Parkers overall rating: 3 out of 5 3.0

There most popular engine in the Kyron range is the 2.0-litre diesel with 141bhp and decent pulling power. It’s available with either a five-speed manual gearbox on the lower spec S and SE models or with a five-speed automatic. Unusually, the automatic gearbox (a Mercedes-Benz design) actually has two reverse gears to help when off-roading. On the road the Kyron pulls strongly although the automatic takes a moment or two to respond from standstill.

The engine is also pretty noisy but economy is good at 38mpg and it pulls adequately in gear. The other choice is a 2.7-litre five-cylinder diesel with 165bhp which is only available with the five-speed automatic transmission. It manages the 0-62mph sprint in 12.8 seconds and feels noticeable livelier on the road, although economy is only 30mpg. Once off road, both engines have more than enough power to cope with difficult terrain.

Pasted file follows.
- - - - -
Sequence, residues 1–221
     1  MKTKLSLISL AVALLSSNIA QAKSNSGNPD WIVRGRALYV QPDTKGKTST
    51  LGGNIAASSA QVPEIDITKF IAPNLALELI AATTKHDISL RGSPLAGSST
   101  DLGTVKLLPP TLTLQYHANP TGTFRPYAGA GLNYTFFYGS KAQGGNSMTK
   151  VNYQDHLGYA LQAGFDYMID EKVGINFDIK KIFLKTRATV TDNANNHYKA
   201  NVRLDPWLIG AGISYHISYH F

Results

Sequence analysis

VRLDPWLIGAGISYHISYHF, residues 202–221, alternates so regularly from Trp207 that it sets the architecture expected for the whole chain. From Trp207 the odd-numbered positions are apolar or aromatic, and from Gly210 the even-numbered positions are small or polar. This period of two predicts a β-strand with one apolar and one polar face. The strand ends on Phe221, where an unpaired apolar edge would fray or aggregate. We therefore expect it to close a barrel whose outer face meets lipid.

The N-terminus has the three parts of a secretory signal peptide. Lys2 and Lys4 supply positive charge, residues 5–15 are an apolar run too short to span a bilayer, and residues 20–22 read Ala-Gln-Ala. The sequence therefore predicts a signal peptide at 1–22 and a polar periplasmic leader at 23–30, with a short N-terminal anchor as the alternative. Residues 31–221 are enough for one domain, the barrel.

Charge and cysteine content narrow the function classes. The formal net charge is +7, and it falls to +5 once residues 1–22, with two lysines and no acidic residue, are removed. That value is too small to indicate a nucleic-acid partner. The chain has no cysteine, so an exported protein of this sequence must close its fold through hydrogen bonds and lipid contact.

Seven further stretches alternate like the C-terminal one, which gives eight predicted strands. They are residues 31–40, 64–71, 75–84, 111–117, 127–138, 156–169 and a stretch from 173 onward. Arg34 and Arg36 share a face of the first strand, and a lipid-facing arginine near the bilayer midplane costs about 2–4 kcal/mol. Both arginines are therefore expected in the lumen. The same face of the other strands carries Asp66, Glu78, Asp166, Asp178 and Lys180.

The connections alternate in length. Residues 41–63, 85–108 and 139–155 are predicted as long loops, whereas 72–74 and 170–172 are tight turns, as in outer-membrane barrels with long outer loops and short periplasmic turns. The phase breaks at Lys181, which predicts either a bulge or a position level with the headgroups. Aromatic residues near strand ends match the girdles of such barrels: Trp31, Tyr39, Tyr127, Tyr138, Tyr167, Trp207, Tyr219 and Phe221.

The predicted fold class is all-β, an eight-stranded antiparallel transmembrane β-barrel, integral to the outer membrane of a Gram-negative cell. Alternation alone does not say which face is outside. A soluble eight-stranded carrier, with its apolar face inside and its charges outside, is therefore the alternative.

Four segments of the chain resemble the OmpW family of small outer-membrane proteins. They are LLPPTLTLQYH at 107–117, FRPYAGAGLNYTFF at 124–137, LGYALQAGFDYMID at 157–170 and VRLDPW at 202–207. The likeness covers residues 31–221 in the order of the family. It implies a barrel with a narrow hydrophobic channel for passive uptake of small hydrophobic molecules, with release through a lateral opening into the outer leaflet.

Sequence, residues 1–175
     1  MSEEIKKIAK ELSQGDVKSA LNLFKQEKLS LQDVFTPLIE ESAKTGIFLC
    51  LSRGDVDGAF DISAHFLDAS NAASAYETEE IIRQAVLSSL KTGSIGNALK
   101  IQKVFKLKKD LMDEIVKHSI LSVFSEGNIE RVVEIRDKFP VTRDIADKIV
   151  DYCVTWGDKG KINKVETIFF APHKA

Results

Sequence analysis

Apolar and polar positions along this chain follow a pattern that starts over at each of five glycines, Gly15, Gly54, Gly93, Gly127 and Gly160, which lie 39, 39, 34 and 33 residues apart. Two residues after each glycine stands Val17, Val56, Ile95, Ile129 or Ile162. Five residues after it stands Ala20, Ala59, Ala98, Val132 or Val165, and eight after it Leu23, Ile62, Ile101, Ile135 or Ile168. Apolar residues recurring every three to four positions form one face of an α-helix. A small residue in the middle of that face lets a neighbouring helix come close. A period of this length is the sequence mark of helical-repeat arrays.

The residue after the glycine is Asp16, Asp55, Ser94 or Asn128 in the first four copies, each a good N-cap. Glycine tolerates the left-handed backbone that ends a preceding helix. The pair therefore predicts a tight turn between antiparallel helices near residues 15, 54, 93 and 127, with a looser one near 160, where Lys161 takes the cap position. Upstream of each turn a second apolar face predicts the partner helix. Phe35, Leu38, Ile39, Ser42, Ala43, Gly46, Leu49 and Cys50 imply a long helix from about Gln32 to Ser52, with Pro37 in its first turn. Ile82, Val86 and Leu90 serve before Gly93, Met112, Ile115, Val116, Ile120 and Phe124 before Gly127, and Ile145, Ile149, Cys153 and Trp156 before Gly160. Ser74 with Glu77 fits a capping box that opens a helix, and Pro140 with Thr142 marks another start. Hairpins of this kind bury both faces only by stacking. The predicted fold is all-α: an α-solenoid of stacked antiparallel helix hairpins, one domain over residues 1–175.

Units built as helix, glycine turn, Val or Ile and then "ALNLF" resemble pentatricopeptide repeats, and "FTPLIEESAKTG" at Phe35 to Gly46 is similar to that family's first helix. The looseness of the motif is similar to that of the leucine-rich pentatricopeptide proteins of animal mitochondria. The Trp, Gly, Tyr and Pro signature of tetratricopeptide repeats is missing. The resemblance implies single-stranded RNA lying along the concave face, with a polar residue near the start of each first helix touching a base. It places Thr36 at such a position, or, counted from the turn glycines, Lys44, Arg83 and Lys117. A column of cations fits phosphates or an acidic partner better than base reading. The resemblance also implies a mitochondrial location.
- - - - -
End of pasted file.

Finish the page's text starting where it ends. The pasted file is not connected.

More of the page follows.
The Kyron is a real off-road machine, equipped with sophisticated suspension to cope with rough terrain. It also features hill descent control, a system borrowed from Land Rover, which at the touch of a button will control the brakes and throttle to ease it slowly down difficult hills so the driver only has to worry about the steering. ESP (Electronic Stability Program) on the SE and SX models help prevent it from sliding about both on and off the road.

As with many cars like this, the ability to impress when the going gets tough comes at the expense of some on-tarmac composure, where it initially lacks steering response and feels like it’s on tip-toes through corners. With a little familiarity it becomes more confidence inspiring but the ride is rather bouncy.